CONSTRUCTED OF STONE and anchored by a center tower, the impressive multi-story structure commanding the corner of College Avenue and Drew Street in downtown Appleton, Wisconsin, presents an almost formidable exterior presence.
Aptly named The History Museum at the Castle, this sprawling castle-like fortress embodies the essence of history from the outside in. History seems meant to be showcased here. And it is, in this, the home of The Outagamie Historical Society.
Perhaps it is a matter of personal taste. But I prefer to learn about history within the walls of a place aged by time rather than in a sterile, modern facility. From the heavy wooden double front entry doors strapped with metal to the woodwork woven throughout the interior to the detailed wall scones, fireplace, paintings and stained glass windows, this museum exudes yesteryear.
Its history dates back to 1923-1924 when Waverly Lodge No. 51 constructed the complex for use as a Masonic Temple, according to Kathy Voigt, community engagement manager for the museum. Says Voigt:
Now on the National Register of Historic Places, the building is constructed in the Norman Revival style, characterized by the use of rough-hewn stone and other features reminiscent of medieval castles and churches, such as vaulted ceilings, heavy beams and leaded windows.
In the mid-1980s, after the Masons could no longer afford to maintain the temple, the building was sold to the local historical society.
Today this building houses, among other exhibits, rotating and permanent, the history of the Fox River Valley, a region stretching from Green Bay on the north to Neenah on the south. The area was once home to the Fox River Valley Indians, AKA the Meskwaki/Mesquakie, who relocated to Wisconsin from the East around 1650. “Tools of Change” highlights the Fox Valley’s tools, people, work and everyday life between 1840-1950.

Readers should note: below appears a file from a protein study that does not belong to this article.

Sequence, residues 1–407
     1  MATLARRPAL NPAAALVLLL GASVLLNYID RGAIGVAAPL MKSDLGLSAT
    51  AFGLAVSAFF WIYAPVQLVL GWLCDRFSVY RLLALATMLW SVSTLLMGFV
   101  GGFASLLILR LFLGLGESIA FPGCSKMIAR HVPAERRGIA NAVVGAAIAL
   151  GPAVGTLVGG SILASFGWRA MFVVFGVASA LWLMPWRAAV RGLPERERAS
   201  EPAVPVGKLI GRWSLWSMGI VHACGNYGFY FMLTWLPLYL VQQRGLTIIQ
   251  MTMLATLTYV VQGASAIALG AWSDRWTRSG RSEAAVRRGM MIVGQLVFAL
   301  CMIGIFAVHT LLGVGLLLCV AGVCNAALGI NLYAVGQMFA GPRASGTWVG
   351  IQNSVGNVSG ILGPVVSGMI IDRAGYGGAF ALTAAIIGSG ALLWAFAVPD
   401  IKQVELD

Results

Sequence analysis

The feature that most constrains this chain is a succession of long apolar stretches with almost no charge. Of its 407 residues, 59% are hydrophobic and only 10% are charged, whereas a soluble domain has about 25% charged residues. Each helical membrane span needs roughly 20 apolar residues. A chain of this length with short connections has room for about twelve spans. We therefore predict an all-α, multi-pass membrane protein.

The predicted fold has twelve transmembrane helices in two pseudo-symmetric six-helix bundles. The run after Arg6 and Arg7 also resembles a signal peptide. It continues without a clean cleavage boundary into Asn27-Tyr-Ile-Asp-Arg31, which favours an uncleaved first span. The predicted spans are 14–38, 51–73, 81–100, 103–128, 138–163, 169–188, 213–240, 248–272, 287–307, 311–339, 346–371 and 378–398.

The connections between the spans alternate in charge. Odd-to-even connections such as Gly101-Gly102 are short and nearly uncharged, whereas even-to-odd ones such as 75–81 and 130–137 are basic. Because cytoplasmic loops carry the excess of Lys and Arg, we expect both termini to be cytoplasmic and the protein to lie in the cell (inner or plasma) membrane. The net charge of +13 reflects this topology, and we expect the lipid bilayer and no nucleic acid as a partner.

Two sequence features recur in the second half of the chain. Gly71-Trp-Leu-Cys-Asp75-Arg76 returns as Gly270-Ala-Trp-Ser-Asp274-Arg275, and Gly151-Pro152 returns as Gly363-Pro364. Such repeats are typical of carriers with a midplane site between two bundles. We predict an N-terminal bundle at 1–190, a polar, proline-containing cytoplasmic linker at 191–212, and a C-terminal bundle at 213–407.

Other exhibits feature Senator Joseph McCarthy, born and raised in Appleton; Nobel Prize winning writer Edna Ferber; the work of local noted photographer Andrew J. Mueller; and, upstairs, a more extensive exhibit on illusionist and escape artist Harry Houdini, who lived in Appleton as a child. I’ll post about the “AKA Houdini” exhibit tomorrow.
But currently drawing the most interest is the museum’s temporary “Leonardo da Vinci: Machines in Motion” exhibit which opened late last year and has now been extended through February 3. You can read about “Machines in Motion” in a previous post by clicking here. This show was my primary reason for touring the museum in early October when my husband and I were in Appleton visiting our second daughter.
The historic Masonic Temple housing the museum rates as a bonus to the history inside. I wonder how many visitors, when they tug at those heavy front entry doors and then enter the castle, pause to appreciate the building they are standing within.
© Copyright 2013 Audrey Kletscher Helbling